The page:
Men and women are still different. We didn’t really need to read 1992’s Men are from Mars, Women are from Venus to know that.
But what’s discussed more these days are how those differences (and many other issues) may be even more pronounced in how we prepare for retirement.
TIAA (formerly TIAA-CREF) recently released ts new Voices of Experience Survey, which measures the changing attitudes on life in retirement and how people prepare.
The 44-page report covers a lot, but you might be particularly interested in the section that focuses on women in retirement — or more specifically how men and women differ both in planning for retirement and living in retirement.
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In an earlier column, “On women’s paths to retirement security, there are plenty of hurdles,” I wrote how women face a number of unique challenges before and during retirement. Longer life expectancies, lower average wages and more time out of the workforce due to caregiving for both children and parents can undermine their savings.
Some highlights of the TIAA report:
Men start planning for retirement earlier. Twenty-two percent of men said they began planning before age 30, versus only 12 percent of women.
Men were more likely to be very satisfied with their financial health (58 percent) than women (46 percent).
Women were more likely than men to spend time alone for personal interests (80 percent vs. 70 percent), spend time with family (80 percent vs. 67 percent) and socialize with friends (75 percent vs. 52 percent).
Women were also more likely to volunteer (58 percent vs. 42 percent), care for family members (43 percent vs. 26 percent) and participate in religious activity (36 percent vs. 25 percent).
Although women and men were equally concerned about being a burden to others, women were twice as likely to say that their biggest concern in retirement was running out of money (29 percent vs. 15 percent of men). They were also more concerned about being lonely (19 percent vs. 11 percent).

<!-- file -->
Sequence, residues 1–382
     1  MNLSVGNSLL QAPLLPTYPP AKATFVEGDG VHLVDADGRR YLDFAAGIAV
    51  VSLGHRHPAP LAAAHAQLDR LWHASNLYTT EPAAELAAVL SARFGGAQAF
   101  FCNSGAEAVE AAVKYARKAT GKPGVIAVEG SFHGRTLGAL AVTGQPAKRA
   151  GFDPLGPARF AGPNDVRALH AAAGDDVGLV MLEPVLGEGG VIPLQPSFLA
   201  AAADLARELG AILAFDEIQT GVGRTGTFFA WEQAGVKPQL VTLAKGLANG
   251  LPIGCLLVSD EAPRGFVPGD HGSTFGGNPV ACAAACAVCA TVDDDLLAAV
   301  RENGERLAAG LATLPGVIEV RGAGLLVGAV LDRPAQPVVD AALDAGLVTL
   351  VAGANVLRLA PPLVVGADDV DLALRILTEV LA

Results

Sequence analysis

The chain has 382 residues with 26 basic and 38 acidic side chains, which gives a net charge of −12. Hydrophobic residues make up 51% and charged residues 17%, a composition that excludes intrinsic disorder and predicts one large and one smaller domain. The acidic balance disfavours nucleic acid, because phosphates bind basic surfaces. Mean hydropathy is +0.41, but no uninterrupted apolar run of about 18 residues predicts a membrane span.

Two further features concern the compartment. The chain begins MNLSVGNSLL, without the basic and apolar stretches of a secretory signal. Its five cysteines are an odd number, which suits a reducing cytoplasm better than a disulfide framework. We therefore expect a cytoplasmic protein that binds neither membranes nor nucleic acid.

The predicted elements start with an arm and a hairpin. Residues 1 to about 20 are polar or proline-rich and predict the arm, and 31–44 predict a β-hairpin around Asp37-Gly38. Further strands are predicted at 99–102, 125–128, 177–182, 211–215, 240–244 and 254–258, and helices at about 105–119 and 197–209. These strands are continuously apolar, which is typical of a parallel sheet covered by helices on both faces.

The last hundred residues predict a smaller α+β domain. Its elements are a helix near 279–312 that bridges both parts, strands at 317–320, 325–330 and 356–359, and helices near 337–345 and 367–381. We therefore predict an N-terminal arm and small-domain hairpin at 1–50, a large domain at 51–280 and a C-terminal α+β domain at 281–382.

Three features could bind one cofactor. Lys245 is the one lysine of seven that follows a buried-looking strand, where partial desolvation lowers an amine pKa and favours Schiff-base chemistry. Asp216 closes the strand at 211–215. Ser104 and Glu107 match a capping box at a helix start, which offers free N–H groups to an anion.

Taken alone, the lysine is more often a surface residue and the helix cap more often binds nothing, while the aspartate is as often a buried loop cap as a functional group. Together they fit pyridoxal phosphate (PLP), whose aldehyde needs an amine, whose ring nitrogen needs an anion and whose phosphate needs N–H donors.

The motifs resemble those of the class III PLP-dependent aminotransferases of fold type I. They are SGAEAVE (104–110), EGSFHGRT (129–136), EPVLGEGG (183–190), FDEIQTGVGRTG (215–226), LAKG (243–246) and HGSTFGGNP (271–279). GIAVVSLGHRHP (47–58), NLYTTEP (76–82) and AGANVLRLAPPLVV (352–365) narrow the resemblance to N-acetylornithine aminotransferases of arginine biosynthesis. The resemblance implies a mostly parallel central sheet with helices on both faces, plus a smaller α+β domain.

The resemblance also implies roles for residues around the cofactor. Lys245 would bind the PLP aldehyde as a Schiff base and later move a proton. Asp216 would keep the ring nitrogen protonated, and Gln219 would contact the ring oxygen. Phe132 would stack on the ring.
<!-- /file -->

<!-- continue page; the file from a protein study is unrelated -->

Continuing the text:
The report said it is the responsibility of employers and the financial services industry to create new and innovative programs that will give women new confidence in their ability to save for a secure retirement.
Roger W. Ferguson, TIAA CEO, says the full survey looked at how feelings about retirement have evolved over the past 30 years, and a lot has changed. “But nearly all of the retirees we surveyed said they feel satisfied with their life in retirement,” he said. “They are planning better, retiring earlier and able to approach their retirement with excitement and optimism.”
As my Washington Post colleague Jonnelle Marte wrote, one Social Security strategy disappeared last week. As Marte wrote:
“The filing strategy, known as file-and-suspend, could increase lifetime retirement benefits for some high-earning couples by as much as $60,000. The approach allows one spouse - typically the higher earner - to file for benefits and then suspend the payments. That makes it possible for their husband or wife to begin receiving spousal benefits while waiting for their own Social Security benefits to grow as much as possible.”
To learn more, you might look at a New York Times bestselling book on Social Security, Get What’s Yours: The secrets to maxing out your Social Security. An updated edition to reflect the changes came out on May 3.